Just 22 years after the Declaration of Independence, President John Adams signed a law that created the Marine Hospital Service, a medical center for merchant seamen. It later evolved into the Public Health Service and, in turn, the National Institute of Health or NIH. (The Institute would become plural later.)
During both world wars, a few select institutions in New England and California conducted biomedical research, tending to focus primarily on cancer and areas of interest to the armed forces. To broaden and publicize their goals, NIH officials often paid visits to universities and schools across the United States, recruiting faculty members to submit research proposals.
One such faculty member, Maxwell Wintrobe, was chair of the department of medicine at the University of Utah. He was encouraged to apply to the NIH for research funds and appears to have timed it just right. Because the NIH had not yet implemented a formal peer review or grant administration system, NIH director Rolla Dyer personally recommended to the Congress and public health officials Wintrobe's proposal to study muscular dystrophy.
Wintrobe's institutional grant application was duly approved. In 1945, he became the first scientist at a medical school to be awarded an extramural grant from the National Institute of Health. This $100,000 award was renewed annually for 33 years, launching NIH's extramural program and bringing a total of nearly $10 million to Utah's medical school.
Wintrobe's long success with the NIH, however, was not entirely his own doing. According to Richard Mandel, NIH historian and author of the book, A Half-Century of Peer Review, the Public Health Service had been planning to "colonize areas of the country, which had not participated in the wartime research boom." For that reason, the federal government paid particular attention to "land-grant universities which had received short shrift in terms of [research] contracts," he explains.
Democrat Elbert Thomas, a political science professor at the University of Utah, was elected to the U.S. Senate in 1932. There, he sat on the Committee on Labor and Public Welfare, which oversaw the Public Health Service and the NIH. Thomas Parran, the U.S. Surgeon General, subsequently chose the senator's home state to receive federal research attention.
The First Grants Research Office
Although Congress had passed, in 1943 and 1944, two Public Health Service Acts to reorganize the health care system and authorize the award of extramural research grants, it wasn't until 1946, the year following Wintrobe's proposal, that the NIH officially opened its Office of Research Grants.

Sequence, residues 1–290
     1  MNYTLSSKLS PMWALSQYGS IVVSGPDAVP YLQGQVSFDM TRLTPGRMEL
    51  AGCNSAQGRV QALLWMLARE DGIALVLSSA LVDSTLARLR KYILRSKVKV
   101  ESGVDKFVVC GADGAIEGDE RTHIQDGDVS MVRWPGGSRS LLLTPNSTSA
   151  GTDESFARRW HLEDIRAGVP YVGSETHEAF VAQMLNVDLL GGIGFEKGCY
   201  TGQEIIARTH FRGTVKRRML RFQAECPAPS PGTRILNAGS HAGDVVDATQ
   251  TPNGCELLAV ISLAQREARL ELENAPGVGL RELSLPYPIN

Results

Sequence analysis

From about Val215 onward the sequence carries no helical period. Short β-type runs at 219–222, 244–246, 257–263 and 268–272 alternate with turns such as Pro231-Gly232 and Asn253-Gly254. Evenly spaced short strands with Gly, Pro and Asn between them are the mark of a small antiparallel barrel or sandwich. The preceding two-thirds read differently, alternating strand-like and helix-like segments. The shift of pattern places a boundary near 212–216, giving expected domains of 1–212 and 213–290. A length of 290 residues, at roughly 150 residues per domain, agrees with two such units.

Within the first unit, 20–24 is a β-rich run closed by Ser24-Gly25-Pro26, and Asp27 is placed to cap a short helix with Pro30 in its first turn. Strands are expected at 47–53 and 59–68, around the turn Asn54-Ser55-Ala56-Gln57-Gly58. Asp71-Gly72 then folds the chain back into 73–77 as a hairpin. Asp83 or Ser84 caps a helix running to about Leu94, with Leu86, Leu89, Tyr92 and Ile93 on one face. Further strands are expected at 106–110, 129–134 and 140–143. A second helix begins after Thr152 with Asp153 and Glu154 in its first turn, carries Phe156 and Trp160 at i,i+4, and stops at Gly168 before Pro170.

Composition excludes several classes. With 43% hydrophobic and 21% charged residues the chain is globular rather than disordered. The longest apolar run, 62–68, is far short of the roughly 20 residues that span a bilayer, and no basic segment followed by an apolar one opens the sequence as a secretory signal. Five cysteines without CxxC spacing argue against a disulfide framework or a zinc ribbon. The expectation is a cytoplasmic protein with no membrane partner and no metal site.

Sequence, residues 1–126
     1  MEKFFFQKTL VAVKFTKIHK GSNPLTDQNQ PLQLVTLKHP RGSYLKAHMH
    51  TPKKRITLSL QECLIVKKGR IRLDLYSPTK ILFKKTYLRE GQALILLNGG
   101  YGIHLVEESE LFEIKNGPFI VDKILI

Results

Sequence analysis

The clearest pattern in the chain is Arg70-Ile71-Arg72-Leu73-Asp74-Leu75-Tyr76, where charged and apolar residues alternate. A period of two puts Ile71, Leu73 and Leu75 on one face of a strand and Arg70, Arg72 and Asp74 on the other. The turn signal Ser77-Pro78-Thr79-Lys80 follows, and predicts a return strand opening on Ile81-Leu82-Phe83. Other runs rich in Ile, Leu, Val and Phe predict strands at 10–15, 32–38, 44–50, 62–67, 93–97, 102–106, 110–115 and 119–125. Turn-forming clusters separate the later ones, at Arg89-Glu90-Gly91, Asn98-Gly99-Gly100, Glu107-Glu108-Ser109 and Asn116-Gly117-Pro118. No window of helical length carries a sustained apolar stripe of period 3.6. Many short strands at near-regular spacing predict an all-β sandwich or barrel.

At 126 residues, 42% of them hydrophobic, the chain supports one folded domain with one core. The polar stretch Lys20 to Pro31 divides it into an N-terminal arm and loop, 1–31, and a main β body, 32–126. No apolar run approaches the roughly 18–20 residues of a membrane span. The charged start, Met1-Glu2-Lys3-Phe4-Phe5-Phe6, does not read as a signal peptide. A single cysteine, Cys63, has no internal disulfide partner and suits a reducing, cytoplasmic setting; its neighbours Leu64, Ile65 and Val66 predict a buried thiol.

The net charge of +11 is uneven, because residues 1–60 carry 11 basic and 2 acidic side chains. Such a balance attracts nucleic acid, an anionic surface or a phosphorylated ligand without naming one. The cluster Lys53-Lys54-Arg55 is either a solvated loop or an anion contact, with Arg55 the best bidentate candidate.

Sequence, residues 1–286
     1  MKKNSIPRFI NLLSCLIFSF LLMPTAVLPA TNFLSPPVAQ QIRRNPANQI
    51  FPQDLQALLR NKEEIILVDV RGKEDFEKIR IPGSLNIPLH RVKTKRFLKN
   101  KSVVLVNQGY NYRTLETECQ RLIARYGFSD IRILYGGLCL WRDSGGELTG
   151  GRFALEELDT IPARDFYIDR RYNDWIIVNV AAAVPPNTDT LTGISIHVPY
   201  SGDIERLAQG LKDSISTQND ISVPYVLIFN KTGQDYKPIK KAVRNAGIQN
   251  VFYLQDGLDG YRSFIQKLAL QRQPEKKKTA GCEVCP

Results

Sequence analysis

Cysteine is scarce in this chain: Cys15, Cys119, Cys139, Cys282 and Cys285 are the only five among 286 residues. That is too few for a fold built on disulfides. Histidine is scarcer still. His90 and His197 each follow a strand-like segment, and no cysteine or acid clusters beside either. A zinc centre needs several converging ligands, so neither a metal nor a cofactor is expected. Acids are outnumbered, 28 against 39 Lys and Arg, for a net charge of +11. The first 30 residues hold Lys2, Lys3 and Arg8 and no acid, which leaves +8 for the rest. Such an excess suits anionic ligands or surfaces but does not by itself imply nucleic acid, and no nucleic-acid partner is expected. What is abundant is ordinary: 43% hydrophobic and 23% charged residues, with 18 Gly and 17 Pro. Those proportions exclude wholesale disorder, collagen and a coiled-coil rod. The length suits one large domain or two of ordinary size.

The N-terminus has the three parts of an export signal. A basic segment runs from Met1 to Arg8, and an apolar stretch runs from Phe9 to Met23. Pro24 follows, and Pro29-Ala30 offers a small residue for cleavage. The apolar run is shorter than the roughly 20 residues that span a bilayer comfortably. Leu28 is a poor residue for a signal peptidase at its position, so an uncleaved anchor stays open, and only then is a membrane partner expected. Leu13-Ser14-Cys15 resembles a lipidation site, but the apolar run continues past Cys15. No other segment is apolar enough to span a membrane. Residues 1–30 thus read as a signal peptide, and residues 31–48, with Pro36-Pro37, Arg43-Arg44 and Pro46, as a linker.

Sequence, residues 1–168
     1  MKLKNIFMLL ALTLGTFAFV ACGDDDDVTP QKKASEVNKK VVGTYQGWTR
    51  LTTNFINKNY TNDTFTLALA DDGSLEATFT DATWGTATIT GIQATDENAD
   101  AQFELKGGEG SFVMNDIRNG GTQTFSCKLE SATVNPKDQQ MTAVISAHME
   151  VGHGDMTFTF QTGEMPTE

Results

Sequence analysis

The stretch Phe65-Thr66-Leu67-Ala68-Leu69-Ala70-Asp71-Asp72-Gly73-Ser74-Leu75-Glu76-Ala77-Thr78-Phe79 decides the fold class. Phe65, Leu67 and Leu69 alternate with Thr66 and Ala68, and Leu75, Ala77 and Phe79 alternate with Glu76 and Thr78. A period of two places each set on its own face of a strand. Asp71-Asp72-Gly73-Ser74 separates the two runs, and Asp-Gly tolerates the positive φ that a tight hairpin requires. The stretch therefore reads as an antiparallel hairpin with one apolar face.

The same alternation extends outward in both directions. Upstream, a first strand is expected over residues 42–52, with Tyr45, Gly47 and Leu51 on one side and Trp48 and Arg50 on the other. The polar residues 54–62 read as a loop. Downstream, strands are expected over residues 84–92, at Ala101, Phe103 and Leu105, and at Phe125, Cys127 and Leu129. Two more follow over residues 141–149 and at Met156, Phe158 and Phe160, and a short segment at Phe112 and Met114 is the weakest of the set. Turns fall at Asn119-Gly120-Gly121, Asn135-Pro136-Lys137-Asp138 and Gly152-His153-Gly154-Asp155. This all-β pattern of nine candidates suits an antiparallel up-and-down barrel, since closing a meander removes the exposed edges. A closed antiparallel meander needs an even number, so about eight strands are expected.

Under the direction of Cassius Van Slyke, who had been an assistant chief in the Public Health Service, NIH's grant-application and peer-review procedures were designed. But, despite the availability of federal awards, both Public Health Service and NIH officials, including the institute director, still had to travel across the country to solicit research applications.
Then Andrew Moyer, a scientist working at the Northern Regional Research Laboratory in Peoria, Illinois, developed a way to mass-produce penicillin, a technological development that dramatically changed the landscape of federal research funding.
Because large-scale fermentation processes made manufacturing the drug easy, the costs associated with penicillin research were considerably reduced. By early 1944, for example, production of the drug increased by almost 80-fold and the price of 100,000 units had dropped from $20 in 1943 to less than 10 cents by 1949. Consequently, thousands of dollars were suddenly freed up at the Office of Research Grants, and Van Slyke informed all U.S. medical schools that "if you have investigators who need these funds, let us hear by return mail."
The grants research staff, consisting of only a handful of people, was swamped with hundreds of letters and proposals. So, the staff wrote to scientists listed in the prestigious Men of Science directory and asked them to comment on the merit of the proposals. The National Advisory Health Council, which held grant-awarding authority over the NIH, used these expert opinions to identify creditable proposals. However, the overwhelming response from investigators seeking federal aid clearly showed that this ad hoc process of evaluation was not going to work.